New strategy involves PPP in TVET sector
The Ministry of Science and Higher Education drafted a new strategy to establish a special loan scheme and develop tax related incentive mechanisms for the private sector willing to invest in technical and education vocational training system.
Designed with an objective of providing demand-driven and relevant TVET to citizens, the strategy can contribute to the prosperity of the country and aims to create enabling environment for the private sector to invest in TVET.
It also strategizes to implement a system to share public sector TVET resources with the private sector, in a bid to ensure equitable access of such materials in the country.
The Ministry decided to develop a new technical and vocational education and training policy and strategy following the unequaled response of the long-serving education and training strategy to the global dynamics of education and training.
“As the main agenda of the policy is creating public private partnership, it helps to ensure a strong integration among public and private TVETs,” said Melese Yigzaw, Dean of Nifas Silk Polytechnic College, during a consultative meeting held last week at Skylight Hotel.
Describing the unbalanced growth of import and export, and the huge number of unemployed TVET graduates, there is clear evidence that the linkage between TVET institutions and industries is weak in Ethiopia, stated Melese.
“Private sector participation in TVET must be recognized and facilitated in a legalized quality assurance framework by the government,” the strategy reads.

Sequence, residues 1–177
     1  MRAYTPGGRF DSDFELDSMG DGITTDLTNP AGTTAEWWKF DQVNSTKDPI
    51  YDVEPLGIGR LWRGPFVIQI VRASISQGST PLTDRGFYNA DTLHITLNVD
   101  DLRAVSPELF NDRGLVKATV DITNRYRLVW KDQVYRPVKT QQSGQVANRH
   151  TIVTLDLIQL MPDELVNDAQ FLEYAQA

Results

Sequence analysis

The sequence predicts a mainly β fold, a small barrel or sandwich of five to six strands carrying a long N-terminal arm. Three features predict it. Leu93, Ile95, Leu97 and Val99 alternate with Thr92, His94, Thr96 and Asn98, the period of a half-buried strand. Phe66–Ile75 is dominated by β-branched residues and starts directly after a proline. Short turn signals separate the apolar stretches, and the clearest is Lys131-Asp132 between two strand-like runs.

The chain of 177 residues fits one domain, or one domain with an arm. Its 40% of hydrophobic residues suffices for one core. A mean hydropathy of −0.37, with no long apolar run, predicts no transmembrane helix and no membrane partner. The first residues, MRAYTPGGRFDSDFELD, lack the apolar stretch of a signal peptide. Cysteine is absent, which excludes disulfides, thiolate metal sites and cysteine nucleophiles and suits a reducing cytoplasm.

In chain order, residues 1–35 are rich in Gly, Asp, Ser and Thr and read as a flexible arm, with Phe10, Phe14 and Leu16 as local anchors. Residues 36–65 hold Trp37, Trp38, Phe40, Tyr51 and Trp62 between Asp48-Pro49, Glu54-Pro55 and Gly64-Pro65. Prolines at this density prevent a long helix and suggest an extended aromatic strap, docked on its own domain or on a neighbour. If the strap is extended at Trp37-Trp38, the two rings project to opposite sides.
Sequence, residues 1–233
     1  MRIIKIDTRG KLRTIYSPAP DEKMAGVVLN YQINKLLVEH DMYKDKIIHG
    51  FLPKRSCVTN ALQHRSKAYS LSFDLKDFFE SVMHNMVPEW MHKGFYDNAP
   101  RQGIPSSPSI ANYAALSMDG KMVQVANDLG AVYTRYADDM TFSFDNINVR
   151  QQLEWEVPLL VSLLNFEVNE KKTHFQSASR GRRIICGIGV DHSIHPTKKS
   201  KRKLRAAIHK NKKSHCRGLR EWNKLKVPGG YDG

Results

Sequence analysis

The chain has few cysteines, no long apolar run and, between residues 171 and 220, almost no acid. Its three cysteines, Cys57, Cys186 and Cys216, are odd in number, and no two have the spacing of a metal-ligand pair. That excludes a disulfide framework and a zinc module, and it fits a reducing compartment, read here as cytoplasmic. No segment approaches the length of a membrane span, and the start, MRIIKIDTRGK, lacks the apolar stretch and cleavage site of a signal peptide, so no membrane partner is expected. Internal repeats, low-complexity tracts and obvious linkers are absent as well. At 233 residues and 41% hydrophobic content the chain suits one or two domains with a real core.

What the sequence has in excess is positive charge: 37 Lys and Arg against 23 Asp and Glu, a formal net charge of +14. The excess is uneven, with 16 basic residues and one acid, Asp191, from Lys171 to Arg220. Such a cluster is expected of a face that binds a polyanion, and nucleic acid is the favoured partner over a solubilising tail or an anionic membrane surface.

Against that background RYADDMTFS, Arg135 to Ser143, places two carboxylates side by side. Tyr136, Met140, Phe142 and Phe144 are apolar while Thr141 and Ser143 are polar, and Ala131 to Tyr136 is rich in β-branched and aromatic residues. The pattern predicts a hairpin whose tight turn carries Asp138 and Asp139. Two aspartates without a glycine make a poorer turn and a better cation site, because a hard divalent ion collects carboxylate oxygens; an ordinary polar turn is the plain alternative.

There were 1,560 TVETs in Ethiopia until 2019, having almost 400,000 students, almost twice what was registered half a decade ago. Despite the growth, most graduates of TVETs are criticized for being unskilled and less qualified.
According to the 10-year strategic plan of the government, 63.4 percent of TVET trainers are identified as C-level, which indicates that they have a deficiency in theoretical knowledge and pedagogic competence, adding to their inability to understand English, which serves as a medium of instruction.
There was also a tendency to consider TVET education as dedicated to students with low performance.
Habtamu Kibret, Deputy Director-General of the Federal Technical and Vocational Education and Training Agency, explained that previously there has been misconception regarding students who join vocational institutions.
“Since the majority of students who complete secondary school move to these vocational institutions, the new policy and strategy will resolve the problems and challenges that have existed in the sector before,” said Habtamu.